Polanski Politics: Infamy Could Direct 2010 Cali Gov Race

Will the 1977 crime have a ripple effect in 2010?

Virginia Sherwood/NBC

Right now, the Roman Polanski case is  primarily stuck in the legal and cultural:  His attorneys are fighting extradition back to the United States.  His supporters among the Hollywood elite are circulating petitions demanding his release. Outraged critics on the left and right are displaying their venom against the Polanski partisans. Whoopi Goldberg takes it into the realm of "depends on the definition of rape." And on it goes.

But, in a not-too-short a while, this case could well have political ramifications. 

First, there's state California Attorney General Jerry Brown. After months of speculation, he filed papers Wednesday to explore a run for governor in 2010.   The current favorite to win the Democratic nomination, he would also likely to be favored against whomever wins the Republican nomination (including ex-eBay CEO Meg Whitman).  However, as the most populous state in the Union -- and one of the largest geographically -- California requires that a candidate running statewide have boatloads of cash for television advertising. As a Democrat, Jerry Brown will need to tap into Hollywood's donor stream. 

So, what should he say about Roman Polanski? Remember, Brown is seeking to go back to the state house he occupied nearly three decades ago, when he was one of the youngest state chief execs in history. He was then known as "Governor Moonbeam" and dating Linda Ronstadt.  He's now an older and wiser figure, having served as mayor of Oakland before his current role as AG. He's definitely not the reflexive cultural liberal he was 30 years ago.  

That said, reality is reality. If he comes out in full force behind the LA County district attorney pursuit of Polanski, Brown risks losing some possible big names in Hollywood -- like Harvey Weinstein,  one of the primary figures behind the "Free Roman" movement.  On the other  hand, if he looks like he's saddling too much close to the Hollywood crowd, he might lose major valuable middle-class support.  Not an enviable spot in which to be.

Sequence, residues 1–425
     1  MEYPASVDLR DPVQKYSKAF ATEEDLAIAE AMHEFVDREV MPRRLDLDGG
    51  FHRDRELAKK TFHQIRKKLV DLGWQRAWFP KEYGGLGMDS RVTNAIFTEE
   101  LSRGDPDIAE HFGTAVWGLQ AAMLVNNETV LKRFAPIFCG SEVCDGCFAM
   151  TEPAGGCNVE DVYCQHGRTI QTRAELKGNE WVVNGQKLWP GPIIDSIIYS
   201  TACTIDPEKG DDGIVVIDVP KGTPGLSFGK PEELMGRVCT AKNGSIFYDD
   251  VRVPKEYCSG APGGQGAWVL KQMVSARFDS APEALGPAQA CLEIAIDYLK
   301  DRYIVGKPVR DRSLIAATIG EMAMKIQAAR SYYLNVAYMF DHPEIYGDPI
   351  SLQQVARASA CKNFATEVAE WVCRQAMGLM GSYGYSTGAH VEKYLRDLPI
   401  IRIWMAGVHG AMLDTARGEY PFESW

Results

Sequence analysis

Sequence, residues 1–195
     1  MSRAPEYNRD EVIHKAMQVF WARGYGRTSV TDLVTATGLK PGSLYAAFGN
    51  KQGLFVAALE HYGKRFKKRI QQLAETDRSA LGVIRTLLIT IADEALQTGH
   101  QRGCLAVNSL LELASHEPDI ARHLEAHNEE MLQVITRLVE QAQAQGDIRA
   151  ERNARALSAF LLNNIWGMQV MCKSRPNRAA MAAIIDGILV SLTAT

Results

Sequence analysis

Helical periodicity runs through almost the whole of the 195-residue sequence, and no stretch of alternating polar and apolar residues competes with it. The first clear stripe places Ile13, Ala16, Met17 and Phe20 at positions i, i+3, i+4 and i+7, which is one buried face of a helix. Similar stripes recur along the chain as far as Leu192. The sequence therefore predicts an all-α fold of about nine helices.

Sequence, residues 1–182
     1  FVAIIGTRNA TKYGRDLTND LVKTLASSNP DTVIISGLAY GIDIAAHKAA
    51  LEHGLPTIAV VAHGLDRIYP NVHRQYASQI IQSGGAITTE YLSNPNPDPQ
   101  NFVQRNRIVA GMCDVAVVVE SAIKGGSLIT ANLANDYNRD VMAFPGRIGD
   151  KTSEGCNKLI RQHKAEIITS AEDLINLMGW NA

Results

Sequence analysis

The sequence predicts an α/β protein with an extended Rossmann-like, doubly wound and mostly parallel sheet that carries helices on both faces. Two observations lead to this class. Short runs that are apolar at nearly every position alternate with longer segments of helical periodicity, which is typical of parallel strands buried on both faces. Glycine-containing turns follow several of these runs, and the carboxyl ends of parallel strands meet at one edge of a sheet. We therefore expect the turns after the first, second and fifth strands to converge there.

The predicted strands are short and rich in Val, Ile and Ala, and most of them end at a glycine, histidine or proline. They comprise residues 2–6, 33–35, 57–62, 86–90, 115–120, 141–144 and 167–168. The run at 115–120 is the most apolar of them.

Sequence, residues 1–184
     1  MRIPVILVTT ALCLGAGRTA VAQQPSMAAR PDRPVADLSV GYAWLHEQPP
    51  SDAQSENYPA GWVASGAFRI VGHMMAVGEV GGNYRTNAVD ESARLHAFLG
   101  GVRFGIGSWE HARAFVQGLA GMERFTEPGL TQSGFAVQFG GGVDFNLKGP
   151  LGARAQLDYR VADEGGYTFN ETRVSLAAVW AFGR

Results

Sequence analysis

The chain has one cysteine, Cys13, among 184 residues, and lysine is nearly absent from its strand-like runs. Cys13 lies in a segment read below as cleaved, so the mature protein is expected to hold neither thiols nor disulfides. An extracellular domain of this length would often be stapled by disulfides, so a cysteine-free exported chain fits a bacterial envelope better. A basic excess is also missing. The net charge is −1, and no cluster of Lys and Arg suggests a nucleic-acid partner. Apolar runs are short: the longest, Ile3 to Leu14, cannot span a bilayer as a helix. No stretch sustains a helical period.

There's also another kind of politics too that could impact the possible future plans of the current governor. When he announced his initial run for governor seven years ago, Arnold Schwarzenegger declared that his Hollywood career was over (as it happened, his timing was actually pretty good given that Terminator III: Rise of the Machines was a relative flop).  But now that he has only about 15 months left in his term, he's got to think about what he want to do next.  His days as ultra-super action hero are undoubtedly over, but there's nothing stopping him from either identifying a comedy in which he might be able to star -- or take on a featured role in a drama/action flick with a younger (read: cuter, buffer, more marketable) male lead. 

But to do that, will the Hollywood Mafia demand that Schwarzenegger step up to the plate to help out Polanski?  Will they demand that he try to squash the prosecution? Will they demand a pardon -- either now or just before Schwarzenegger leaves office?  At this point, Schwarzenegger's office is keeping a low profile on the matter.  If he refuses to step in at any point, he could be seriously wounding any hope he has of returning to the big screen (assuming that he might still harbor such thoughts). 

In certain ways, this whole plot could have made a great movie for Polanski to direct: Creative figure returns from exile to upset the cultural and political order!! How will it end? How will it end? 

New York writer Robert A. George blogs at Ragged Thots. Follow him on Twitter

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